A pair of teams with a lot in common met in Atlanta on Wednesday night.

Young, superstar point guards. Solid talent on rosters that are improving. Franchises that have been through dark times during rebuilding projects but are now seeing the dividends.

But there’s another similarity. Both the Mavericks and the Atlanta Hawks are trying to learn how to win close games at crunch time.

It’s not always the prettiest process.

One of these teams was going to get it right on Wednesday. Even though the Mavericks had a 15-point lead in the fourth quarter, it was a three-point game with 42 seconds to play.

The Mavericks held on for a 122-116 victory to end their six-game losing streak. And it was another reminder that photo finishes are going to be more of the norm and less of the exception for this team. So far, they haven’t been able to master the ability to routinely execute at both ends of the floor in tight situations.

So what does it take to become a team that knows how to do that?

Rick Carlisle pinpointed a few key points before the latest nail-biter.

“You have to experience those situations,” he said. “You have to learn from mistakes. You have to develop an attitude and a desire to take on those challenges and be willing to do anything to succeed, whether it’s a loose-ball play, whether it’s making an extra pass, stepping into a shot, whatever the case may be.”

Atlanta coach Lloyd Pierce can relate. His Hawks had trouble closing out a tight game against LeBron James and the Los Angeles Lakers on Monday. It’s happened more than once to them, just as it has to the Mavericks.

“I try to pin it on early in the game and portions of the fourth quarter,” Pierce said. “I think everyone thinks you get to the last three minutes and this is when you’re just going to make the plays. We’ll be a better team when we can figure out some of the execution stuff that happens in the course of the game so we’re not in those situations.

“There’s a lot of things we have to do better in the moment, not just rely on making the big shot at the end of the game. That’s a recipe for disaster in my eyes.”

The Mavericks found that out on Monday when they got beat by a 3-pointer from Phoenix’s Devin Booker with 1.5 seconds remaining.

It was another agonizing reminder that you can’t cut corners in the NBA.

“It certainly doesn’t happen overnight,” Carlisle said. “When you’re in a rebuilding situation, these things take time. Both teams (Mavs and Hawks) are learning. Both teams are growing.

“But growth can be painful. And with that pain has to come an added strength, a resolve, with the group. That’s what we’re looking to do. I’m sure that’s what Lloyd’s looking to do with his team.”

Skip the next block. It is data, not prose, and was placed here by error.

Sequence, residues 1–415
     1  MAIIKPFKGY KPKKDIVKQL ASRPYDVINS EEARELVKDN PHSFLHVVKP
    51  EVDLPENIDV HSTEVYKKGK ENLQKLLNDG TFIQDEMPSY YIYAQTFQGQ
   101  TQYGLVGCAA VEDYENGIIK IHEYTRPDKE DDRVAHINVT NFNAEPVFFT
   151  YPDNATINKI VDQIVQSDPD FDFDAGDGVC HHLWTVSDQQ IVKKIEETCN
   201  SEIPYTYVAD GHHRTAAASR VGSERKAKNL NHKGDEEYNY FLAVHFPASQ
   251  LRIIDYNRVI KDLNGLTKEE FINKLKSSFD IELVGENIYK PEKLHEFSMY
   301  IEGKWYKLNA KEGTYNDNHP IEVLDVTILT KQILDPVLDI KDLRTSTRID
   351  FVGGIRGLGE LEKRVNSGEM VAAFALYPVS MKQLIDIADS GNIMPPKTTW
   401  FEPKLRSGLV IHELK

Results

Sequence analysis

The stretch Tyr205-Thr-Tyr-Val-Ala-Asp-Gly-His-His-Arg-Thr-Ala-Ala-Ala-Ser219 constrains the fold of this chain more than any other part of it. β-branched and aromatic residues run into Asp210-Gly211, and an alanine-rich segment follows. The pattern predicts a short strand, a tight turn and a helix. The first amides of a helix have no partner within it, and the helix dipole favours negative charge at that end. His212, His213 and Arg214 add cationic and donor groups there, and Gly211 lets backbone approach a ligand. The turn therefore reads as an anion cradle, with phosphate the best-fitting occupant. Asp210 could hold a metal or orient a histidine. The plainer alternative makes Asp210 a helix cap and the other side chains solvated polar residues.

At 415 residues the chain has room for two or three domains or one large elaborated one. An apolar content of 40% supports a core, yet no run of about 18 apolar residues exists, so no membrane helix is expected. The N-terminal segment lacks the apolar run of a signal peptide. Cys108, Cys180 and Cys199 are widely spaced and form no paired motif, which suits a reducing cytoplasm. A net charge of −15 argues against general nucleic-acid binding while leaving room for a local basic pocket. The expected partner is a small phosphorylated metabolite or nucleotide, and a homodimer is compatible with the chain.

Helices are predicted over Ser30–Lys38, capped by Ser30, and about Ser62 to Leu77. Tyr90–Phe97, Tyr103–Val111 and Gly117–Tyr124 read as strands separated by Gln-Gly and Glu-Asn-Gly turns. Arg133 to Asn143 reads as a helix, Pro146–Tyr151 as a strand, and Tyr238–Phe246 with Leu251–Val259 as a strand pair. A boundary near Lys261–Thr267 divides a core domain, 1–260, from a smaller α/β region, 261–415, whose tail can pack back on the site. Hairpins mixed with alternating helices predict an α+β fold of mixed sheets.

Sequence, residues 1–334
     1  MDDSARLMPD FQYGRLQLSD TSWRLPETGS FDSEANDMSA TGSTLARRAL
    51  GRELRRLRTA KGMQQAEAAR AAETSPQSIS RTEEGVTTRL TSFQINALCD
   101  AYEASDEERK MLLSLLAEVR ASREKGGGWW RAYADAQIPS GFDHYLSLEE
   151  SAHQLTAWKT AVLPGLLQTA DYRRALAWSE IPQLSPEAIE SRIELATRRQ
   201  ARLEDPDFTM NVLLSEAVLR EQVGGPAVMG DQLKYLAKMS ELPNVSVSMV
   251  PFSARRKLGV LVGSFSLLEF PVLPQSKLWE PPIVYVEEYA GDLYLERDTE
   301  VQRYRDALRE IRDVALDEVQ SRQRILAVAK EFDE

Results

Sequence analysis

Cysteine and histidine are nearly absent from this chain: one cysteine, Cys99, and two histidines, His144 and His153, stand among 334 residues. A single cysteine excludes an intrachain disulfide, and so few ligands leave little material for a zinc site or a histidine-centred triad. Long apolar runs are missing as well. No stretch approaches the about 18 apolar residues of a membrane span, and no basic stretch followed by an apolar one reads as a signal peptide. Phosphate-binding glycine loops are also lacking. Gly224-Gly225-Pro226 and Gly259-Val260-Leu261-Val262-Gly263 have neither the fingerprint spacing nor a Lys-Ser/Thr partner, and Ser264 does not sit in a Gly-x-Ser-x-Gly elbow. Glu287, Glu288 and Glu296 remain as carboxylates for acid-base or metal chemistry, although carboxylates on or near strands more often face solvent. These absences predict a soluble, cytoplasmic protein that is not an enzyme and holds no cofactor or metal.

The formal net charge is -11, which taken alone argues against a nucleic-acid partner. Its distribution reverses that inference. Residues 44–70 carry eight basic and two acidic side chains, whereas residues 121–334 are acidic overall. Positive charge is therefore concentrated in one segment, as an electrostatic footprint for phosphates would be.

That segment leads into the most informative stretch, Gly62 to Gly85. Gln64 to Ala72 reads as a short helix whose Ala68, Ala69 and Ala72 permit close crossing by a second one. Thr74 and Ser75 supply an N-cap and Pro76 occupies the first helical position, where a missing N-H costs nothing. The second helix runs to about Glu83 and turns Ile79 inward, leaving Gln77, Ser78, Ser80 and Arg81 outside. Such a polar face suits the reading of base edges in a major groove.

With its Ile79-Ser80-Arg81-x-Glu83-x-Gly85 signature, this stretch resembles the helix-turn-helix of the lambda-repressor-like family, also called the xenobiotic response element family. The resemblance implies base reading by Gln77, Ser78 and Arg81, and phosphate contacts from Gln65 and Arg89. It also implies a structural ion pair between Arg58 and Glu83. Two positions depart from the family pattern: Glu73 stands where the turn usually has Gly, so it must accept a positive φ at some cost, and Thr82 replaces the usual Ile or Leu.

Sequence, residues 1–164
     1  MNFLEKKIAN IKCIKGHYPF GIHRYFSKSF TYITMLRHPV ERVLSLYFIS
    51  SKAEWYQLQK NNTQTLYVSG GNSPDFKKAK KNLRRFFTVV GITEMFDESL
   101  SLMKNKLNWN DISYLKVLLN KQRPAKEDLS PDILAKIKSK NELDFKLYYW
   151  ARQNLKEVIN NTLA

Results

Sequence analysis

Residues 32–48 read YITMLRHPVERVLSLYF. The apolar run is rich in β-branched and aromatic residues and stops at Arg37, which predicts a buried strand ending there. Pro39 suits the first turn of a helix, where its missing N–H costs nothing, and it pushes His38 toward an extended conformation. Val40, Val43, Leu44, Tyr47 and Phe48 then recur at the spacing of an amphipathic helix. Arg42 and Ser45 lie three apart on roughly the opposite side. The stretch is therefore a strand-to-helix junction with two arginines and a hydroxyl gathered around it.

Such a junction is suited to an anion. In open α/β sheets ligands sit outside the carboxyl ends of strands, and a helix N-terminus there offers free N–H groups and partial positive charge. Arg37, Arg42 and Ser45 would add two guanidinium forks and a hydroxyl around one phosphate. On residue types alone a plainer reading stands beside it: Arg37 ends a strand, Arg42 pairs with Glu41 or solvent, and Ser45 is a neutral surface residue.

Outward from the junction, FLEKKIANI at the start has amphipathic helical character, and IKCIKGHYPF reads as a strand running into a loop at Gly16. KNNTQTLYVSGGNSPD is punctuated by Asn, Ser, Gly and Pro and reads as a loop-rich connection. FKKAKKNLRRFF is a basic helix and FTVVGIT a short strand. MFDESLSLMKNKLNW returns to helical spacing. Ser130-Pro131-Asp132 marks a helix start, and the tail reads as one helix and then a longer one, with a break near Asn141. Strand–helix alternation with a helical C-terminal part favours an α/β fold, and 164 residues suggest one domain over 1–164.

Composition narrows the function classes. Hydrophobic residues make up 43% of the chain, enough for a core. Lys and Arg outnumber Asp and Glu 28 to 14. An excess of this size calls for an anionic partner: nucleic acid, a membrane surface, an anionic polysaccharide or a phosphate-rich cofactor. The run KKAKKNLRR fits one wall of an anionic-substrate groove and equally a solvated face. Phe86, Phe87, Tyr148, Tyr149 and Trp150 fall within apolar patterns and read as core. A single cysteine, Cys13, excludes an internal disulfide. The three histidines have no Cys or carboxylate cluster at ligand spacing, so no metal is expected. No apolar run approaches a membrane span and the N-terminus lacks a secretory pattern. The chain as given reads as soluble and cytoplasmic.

Let sleeping dogs lie: Pierce was asked before the game if there was an underrated part of Luka Dončić’s game.

“For me, it’s composure,” the coach said. “I think there was a lot of conversation in the Clipper series (in last season’s playoffs) where they were being physical and roughing him up and I think in the very next game he drops 42 or whatever it was.

“Just composure. You think you’re going to bully him, it actually kind of builds more of his strength, his confidence, his dominance. There are certain guys I try not to even mess with. One of those guys we just played (LeBron James on Monday). If he wants to hang out most of the game, I’m going to let him hang out. I’m not going to wake him up.”

Dončić gets the same sort of treatment, Pierce said.

Getting back in gear: Balancing their need to get newly healthy players back into some sort of rhythm and the absolute desperation the Mavericks had for a win has not been easy.

Dorian Finney-Smith, Josh Richardson, Maxi Kleber, Dwight Powell and, to a lesser degree, Jalen Brunson, all have had to get their legs back after missing extended periods with COVID-19-related absentees.

Said Carlisle: “It’s pretty apparent that there is a huge sense of urgency. The big thing is managing the minutes. I like where (guys) are. The big thing for us is the details. We had a lot of unforced turnovers in the Monday night game. And we had some slippage when we had a lead in the third quarter. We just got to really keep the pedal down and make sure there’s no letup at any time.”

Briefly: Carlisle led off his interview before the game with another passage saluting Black History Month. This one featured vice president Kamala Harris, “the United States’ first female vice president and the highest ranking female elected official in U.S. history. And the first African-American and first Asian-American vice president – a pretty amazing record and pretty amazing accomplishments . . . The Mavericks were scheduled to head directly back to Dallas after Wednesday’s game and they start a two-game set against Golden State on Thursday (6:30 p.m. start, TNT).

Twitter: @ESefko

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